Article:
Elderly people are being advised to take up tango and ballroom dancing to cut the risk of falls.
Expert Dr Emma Redding says dance classes could help them keep their balance by helping maintain ankle and core strength.
Falls kill almost 5,000 people a year in Britain and are the biggest cause of emergency hospital admissions for pensioners.
Dr Redding said lessons can also help lonely older people get out, while the traditional music may bring back valuable memories for those with dementia.
She told the Cheltenham Science Festival that dancing meant taking physical risks, such as shifting weight from side to side or back to front.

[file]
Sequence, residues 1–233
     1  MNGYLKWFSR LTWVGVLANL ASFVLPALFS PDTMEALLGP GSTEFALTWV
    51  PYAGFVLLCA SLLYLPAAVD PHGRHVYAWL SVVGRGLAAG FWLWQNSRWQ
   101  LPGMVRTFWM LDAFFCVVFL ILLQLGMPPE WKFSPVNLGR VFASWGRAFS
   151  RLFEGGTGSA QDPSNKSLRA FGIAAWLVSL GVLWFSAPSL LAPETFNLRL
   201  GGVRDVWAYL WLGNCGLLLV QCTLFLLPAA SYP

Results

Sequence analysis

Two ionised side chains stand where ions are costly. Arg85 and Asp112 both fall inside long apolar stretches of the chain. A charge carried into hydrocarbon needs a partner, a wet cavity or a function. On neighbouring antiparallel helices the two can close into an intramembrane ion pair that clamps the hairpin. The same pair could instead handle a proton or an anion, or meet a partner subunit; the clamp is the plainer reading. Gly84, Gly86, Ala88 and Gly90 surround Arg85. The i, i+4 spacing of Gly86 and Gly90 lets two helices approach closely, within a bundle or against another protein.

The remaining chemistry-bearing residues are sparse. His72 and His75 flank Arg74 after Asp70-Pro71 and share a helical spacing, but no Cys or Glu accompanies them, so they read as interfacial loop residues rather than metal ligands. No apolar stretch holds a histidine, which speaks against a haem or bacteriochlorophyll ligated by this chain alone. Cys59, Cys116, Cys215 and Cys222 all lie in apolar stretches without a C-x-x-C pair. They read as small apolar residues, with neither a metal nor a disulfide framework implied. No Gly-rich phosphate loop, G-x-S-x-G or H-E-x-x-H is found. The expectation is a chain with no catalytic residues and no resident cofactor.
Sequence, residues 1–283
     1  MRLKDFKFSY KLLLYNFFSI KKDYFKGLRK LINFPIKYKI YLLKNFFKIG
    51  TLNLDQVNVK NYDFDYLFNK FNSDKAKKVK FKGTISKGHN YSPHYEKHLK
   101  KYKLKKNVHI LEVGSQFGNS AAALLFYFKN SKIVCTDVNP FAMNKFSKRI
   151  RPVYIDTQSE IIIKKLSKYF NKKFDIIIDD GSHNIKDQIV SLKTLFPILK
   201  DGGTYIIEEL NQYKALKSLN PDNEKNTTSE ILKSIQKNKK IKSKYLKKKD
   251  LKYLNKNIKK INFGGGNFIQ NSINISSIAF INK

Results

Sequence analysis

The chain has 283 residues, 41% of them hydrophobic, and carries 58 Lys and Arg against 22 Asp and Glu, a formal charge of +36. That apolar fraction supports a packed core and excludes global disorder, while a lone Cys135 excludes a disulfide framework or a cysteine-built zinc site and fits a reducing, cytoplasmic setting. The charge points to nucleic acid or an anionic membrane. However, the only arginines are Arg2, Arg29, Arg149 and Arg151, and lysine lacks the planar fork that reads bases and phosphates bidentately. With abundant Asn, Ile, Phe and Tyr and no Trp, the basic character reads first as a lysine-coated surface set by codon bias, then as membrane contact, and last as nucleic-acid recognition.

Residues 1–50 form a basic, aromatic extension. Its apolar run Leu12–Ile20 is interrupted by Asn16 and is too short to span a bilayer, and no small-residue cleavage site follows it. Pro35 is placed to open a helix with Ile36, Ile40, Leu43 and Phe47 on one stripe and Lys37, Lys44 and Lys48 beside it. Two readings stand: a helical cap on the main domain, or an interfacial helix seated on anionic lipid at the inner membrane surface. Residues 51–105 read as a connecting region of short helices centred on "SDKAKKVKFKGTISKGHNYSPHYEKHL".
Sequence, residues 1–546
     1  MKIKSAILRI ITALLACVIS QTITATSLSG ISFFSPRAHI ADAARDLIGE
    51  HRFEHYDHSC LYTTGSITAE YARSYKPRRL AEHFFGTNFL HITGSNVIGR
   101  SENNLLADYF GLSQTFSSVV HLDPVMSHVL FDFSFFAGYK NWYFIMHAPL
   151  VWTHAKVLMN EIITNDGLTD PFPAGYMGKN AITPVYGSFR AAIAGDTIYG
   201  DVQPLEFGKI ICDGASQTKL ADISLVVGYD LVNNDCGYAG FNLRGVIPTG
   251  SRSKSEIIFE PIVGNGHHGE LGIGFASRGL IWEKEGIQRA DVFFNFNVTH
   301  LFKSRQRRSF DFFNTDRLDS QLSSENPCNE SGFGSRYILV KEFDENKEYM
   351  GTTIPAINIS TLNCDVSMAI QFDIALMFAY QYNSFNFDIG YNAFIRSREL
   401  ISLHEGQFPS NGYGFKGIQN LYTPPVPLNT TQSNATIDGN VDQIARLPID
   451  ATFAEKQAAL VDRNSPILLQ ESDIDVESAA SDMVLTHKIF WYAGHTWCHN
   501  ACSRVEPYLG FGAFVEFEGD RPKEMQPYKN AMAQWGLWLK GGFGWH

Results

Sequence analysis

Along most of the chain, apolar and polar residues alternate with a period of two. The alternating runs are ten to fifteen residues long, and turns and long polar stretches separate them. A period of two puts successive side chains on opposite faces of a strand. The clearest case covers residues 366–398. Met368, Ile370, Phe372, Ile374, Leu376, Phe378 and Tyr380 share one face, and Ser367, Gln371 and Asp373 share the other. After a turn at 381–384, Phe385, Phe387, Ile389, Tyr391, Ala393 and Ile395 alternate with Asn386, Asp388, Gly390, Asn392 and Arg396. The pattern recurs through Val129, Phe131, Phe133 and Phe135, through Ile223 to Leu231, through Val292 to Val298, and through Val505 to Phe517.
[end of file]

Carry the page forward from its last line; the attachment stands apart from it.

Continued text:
"This makes people much more confident when moving in everyday life," she said. "The postural alignment is very important in preventing falls in older people and could help keep them safe."
Tango and ballroom dancing are particularly suitable because they are slower and those who are frail can rely on support from their partner to keep them balanced. Dance also provides a crucial form of exercise.
Lucy Harmer, a director at charity Independent Age, said: "Dancing increases stamina, and can help with flexibility and balance, all of which can help prevent falls. It can also be a great way to meet people and stay socially active too."